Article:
Trump criticized for refusing to denounce endorsement from former KKK leader

LEESBURG, Va. -- Republican presidential front-runner Donald Trump is drawing criticism for refusing to denounce an implicit endorsement from a white supremacist leader, with his main rivals, senators Ted Cruz and Marco Rubio, using the matter to hammer the billionaire businessman just two days before multiple state primaries could put him on an irreversible path to the party's nomination.

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Trump was asked Sunday on CNN's "State of the Union" whether he rejected support from David Duke, the former Ku Klux Klan Grand Dragon, and other white supremacists after Duke told his radio followers this week that a vote against Trump was equivalent to "treason to your heritage."

"Well, just so you understand, I don't know anything about David Duke. OK?" Trump told host Jake Tapper. "I don't know anything about what you're even talking about with white supremacy or white supremacists."

Trump was asked Friday by journalists how he felt about Duke's support. He said he didn't know anything about it and curtly said: "All right, I disavow, ok?"

Trump hasn't always claimed ignorance on Duke's history. In 2000, he wrote a New York Times op-ed explaining why he abandoned the possibility of running for president on the Reform Party ticket. He wrote of an "underside" and "fringe element" of the party, concluding, "I leave the Reform Party to David Duke, Pat Buchanan and Lenora Fulani. That is not company I wish to keep."

Trump's comments sparked a wave of censures just ahead of Super Tuesday -- March 1 -- when 11 states hold Republican primaries. At stake are 595 delegates to the party's national convention this summer, with 1,237 needed to win the nomination.

On the Democratic side, 865 delegates are up for grabs in Super Tuesday contests in 11 states and American Samoa. It takes 2,383 delegates to gain the Democratic nomination.

Hillary Clinton received another burst of momentum after her lopsided victory in South Carolina's Democratic primary on Saturday, fueled by an 84-16 advantage among African-Americans, a key Democratic constituency that will also play a dominant role in several Super Tuesday states.

"We got decimated, that's what happened," Sanders said on ABC, though he promised to continue his campaign against what he describes as a political and economic oligarchy.

The latest shake up in the Republican race comes as attention shifts to the South, with about a half dozen states in the region holding contests on Tuesday. Trump holds commanding leads across the region, with the exception of Cruz's home state of Texas, a dynamic that puts tremendous pressure on Rubio and Cruz as they try to outlast each other and derail Trump.

Campaigning in Virginia, Rubio pounced on Trump's latest position on Duke, shifting to a more serious tone after spending the weekend mocking his rival's hair and "the worst spray tan in America."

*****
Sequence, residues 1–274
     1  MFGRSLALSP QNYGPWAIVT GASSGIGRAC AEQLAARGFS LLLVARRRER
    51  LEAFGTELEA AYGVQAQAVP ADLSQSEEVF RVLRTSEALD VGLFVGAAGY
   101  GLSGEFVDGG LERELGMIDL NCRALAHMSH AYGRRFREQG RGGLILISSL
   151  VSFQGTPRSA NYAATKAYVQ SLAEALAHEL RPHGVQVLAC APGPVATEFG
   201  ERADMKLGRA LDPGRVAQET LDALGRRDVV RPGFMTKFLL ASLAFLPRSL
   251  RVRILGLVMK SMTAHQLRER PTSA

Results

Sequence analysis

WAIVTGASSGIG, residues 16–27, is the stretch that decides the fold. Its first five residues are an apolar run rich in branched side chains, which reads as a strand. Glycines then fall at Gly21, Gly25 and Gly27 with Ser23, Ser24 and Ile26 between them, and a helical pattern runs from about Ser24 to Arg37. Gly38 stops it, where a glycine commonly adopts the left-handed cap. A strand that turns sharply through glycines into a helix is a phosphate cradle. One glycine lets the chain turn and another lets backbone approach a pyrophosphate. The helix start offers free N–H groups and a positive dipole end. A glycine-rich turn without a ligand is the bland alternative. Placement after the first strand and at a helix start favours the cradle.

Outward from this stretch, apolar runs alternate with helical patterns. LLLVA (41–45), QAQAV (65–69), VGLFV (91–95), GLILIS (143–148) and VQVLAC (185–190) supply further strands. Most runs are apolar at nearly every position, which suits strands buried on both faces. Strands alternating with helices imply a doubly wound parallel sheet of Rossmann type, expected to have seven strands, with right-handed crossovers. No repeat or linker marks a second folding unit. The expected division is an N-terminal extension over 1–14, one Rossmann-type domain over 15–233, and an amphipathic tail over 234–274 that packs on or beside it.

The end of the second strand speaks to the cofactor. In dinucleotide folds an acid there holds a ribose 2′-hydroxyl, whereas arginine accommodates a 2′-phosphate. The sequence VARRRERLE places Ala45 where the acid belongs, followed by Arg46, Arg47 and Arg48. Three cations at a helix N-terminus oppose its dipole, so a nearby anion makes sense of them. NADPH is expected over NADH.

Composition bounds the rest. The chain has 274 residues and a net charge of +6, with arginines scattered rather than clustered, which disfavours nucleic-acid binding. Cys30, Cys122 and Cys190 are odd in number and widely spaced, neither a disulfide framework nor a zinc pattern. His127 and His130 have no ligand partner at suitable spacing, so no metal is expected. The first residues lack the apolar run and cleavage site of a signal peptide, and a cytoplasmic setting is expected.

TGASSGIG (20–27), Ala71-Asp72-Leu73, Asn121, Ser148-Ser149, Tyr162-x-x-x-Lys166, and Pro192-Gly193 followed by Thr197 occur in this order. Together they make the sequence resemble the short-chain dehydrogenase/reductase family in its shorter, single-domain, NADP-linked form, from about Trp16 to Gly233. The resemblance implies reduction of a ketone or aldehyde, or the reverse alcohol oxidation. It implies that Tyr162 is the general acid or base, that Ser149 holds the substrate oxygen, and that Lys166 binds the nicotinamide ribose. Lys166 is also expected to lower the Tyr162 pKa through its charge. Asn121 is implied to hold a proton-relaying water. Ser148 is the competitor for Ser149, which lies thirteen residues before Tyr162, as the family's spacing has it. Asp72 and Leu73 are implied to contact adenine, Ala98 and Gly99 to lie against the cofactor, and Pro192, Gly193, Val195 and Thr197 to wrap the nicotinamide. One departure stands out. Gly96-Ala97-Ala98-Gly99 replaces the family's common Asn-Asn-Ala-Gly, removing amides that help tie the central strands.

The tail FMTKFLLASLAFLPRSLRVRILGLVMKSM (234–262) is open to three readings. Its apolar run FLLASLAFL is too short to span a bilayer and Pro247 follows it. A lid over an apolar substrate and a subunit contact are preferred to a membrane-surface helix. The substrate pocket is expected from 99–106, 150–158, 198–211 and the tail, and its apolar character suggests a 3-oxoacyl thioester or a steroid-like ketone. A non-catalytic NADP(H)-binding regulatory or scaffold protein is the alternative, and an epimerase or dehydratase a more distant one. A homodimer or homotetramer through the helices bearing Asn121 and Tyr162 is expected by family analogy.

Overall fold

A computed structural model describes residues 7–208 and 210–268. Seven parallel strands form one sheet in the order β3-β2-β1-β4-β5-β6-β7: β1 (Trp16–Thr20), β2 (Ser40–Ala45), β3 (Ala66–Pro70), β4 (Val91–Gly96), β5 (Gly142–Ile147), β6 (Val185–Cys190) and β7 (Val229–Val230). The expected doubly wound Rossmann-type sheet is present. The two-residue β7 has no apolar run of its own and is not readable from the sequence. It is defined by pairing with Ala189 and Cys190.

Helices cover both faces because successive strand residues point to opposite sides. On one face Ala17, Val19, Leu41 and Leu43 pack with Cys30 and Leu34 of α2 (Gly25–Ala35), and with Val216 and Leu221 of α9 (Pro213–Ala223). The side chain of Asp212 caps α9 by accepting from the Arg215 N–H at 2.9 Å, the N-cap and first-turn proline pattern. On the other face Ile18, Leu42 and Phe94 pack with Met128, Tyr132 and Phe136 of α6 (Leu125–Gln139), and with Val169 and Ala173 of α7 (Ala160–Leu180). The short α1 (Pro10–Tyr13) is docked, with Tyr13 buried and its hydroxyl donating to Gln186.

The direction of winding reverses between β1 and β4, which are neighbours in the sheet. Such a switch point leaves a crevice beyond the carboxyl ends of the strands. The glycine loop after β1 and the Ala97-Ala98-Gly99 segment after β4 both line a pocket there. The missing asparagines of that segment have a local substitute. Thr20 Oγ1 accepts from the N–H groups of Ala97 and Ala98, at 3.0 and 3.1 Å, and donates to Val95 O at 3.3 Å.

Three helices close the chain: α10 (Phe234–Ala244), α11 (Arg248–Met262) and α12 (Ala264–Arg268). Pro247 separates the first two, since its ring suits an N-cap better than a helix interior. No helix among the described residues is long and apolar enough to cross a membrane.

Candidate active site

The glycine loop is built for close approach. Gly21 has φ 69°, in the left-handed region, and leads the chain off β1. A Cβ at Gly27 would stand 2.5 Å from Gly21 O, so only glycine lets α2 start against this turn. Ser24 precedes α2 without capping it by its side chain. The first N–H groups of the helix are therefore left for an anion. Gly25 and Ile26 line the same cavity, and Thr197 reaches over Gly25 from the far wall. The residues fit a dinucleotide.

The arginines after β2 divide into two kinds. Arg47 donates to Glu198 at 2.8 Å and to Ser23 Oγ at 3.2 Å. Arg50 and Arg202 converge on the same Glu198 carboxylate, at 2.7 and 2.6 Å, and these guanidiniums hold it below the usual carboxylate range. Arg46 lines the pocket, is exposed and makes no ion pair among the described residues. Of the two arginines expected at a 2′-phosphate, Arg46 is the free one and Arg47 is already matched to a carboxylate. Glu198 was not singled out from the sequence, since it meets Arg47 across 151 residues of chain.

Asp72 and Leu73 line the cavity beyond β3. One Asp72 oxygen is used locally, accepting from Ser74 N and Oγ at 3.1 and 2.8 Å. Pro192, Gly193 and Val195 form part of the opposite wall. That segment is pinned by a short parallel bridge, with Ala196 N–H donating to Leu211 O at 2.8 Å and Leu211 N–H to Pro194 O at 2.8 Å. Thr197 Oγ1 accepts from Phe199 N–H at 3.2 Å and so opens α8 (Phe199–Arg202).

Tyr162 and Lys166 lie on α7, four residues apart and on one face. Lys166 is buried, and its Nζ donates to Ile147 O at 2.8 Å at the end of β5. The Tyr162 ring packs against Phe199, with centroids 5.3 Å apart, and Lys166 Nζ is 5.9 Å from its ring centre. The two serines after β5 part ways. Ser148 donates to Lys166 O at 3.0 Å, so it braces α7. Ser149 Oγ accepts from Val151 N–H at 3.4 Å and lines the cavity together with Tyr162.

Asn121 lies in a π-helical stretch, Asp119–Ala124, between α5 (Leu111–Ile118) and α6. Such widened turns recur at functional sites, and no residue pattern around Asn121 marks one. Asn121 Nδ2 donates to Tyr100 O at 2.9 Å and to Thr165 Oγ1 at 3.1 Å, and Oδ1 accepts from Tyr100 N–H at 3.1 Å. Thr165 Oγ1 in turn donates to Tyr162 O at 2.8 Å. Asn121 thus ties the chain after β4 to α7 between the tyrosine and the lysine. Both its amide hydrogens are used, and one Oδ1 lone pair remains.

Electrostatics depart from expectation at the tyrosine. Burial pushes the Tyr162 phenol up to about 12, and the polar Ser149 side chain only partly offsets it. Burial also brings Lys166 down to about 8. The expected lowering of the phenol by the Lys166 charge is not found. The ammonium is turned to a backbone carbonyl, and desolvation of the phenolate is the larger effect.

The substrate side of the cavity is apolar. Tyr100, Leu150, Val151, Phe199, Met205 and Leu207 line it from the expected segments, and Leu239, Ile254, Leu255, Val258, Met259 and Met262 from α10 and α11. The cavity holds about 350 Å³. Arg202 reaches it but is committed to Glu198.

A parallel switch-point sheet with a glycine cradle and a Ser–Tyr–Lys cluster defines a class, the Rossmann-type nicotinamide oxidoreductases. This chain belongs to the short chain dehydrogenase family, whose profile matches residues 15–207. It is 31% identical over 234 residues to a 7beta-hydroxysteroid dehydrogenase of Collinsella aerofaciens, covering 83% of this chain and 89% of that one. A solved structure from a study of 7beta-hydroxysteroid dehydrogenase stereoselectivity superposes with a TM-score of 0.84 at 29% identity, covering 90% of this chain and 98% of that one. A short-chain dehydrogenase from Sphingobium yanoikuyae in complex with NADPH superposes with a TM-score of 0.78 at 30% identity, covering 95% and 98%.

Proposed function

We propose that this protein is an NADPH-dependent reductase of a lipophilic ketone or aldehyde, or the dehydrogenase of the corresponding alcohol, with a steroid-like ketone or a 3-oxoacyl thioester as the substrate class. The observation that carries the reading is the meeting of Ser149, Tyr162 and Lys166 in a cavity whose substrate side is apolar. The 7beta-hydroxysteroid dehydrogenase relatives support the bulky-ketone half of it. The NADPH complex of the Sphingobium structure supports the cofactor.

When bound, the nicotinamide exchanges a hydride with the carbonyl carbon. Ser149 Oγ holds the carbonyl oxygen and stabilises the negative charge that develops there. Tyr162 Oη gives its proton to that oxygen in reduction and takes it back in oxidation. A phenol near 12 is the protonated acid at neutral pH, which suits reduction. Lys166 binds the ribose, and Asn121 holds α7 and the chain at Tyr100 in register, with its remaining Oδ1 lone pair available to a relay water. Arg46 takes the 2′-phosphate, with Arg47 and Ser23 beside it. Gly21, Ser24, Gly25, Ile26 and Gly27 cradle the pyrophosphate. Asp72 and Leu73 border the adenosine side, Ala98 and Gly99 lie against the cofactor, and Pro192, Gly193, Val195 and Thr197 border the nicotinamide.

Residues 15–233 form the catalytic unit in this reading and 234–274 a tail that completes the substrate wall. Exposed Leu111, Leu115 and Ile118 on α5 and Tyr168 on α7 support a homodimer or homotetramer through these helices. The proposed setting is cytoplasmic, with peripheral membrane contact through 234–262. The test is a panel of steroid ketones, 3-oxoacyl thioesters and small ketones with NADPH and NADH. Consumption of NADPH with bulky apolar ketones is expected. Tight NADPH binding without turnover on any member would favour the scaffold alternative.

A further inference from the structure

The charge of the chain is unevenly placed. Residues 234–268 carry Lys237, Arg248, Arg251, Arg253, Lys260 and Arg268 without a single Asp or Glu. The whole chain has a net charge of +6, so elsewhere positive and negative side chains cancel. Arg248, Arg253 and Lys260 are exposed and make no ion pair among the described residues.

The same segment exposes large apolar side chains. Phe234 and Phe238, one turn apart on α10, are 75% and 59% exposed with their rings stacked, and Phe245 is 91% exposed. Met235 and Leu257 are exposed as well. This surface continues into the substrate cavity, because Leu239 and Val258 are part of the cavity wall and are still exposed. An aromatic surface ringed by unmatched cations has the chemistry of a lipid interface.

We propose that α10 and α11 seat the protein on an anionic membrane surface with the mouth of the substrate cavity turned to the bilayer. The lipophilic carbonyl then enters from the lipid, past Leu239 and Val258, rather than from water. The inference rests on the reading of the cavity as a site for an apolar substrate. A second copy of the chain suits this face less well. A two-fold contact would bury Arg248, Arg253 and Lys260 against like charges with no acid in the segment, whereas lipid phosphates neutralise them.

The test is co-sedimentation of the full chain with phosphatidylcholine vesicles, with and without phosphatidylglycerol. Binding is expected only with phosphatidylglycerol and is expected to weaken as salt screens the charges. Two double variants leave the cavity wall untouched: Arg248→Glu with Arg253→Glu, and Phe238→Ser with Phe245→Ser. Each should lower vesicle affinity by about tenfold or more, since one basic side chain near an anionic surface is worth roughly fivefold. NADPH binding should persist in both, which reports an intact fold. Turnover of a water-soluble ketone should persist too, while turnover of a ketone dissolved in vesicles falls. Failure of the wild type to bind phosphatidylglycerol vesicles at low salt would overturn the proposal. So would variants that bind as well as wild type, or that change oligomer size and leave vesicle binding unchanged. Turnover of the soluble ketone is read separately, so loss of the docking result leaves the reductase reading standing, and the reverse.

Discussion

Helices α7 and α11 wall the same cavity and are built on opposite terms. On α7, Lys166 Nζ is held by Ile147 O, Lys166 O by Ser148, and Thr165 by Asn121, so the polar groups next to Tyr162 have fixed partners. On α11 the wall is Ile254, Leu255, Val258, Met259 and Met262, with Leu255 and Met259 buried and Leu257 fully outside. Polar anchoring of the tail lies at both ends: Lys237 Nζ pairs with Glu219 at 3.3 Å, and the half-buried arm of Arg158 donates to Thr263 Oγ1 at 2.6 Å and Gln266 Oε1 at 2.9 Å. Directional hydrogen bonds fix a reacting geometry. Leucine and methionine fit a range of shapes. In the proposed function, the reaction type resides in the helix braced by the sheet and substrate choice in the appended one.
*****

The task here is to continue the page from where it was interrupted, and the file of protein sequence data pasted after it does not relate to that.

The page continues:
"We cannot be a party who refuses to condemn white supremacists and the Ku Klux Klan," the Florida senator told thousands of supporters gathered in Leesburg, Virginia. "Not only is that wrong, it makes him unelectable. How are we going to grow the party if we nominate someone who doesn't repudiate the Ku Klux Klan?"

Cruz also weighed in on Sunday, calling Trump's comments "Really sad."

"You're better than this," Cruz wrote. "We should all agree, racism is wrong, KKK is abhorrent."

Democrat Bernie Sanders also lashed out at his Republican rival on Twitter, writing: "America's first black president cannot and will not be succeeded by a hatemonger who refuses to condemn the KKK."

Trump also garnered backlash Sunday for recently retweeting a quote from Benito Mussolini, the 20th century fascist dictator of Italy, which reads: "It is better to live one day as a lion than 100 years as a sheep."

Trump told NBC's "Meet the Press" on Sunday, "I know who said it. But what difference does it make whether it's Mussolini or somebody else? It's certainly a very interesting quote."

Like Clinton, Trump has established himself as the front-runner after winning three of the four early voting contests. That's led Rubio and Cruz, both first-term senators, to unleash a personal and policy-based barrage against Trump, warning his nomination would be catastrophic for the Republican Party in the November election and beyond.

"We're about to lose the conservative movement to someone who's not a conservative and (lose) the party of Lincoln and Reagan to a con artist," Rubio said Sunday on Fox News.

Separately, Cruz warned the "Trump train" could become "unstoppable" if he rolls to big victories Tuesday. Cruz cast Trump as a carbon copy of Hillary Clinton and suggested that not even Trump "knows what he would do" as president.

Trump, for his part, relishes his position, mocking the Republican establishment and his flailing rivals. "It's amazing what's going on," he told NBC, calling his campaign a "movement."

On CNN, Trump explained his own brand of populism. "I'm representing a lot of anger out there," he said on CNN. "We're not angry people, but we're angry at the way this country's being run (and) angry at the way the Republican Party is being run."

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Associated Press reporter Laurie Kellman contributed from Washington.\



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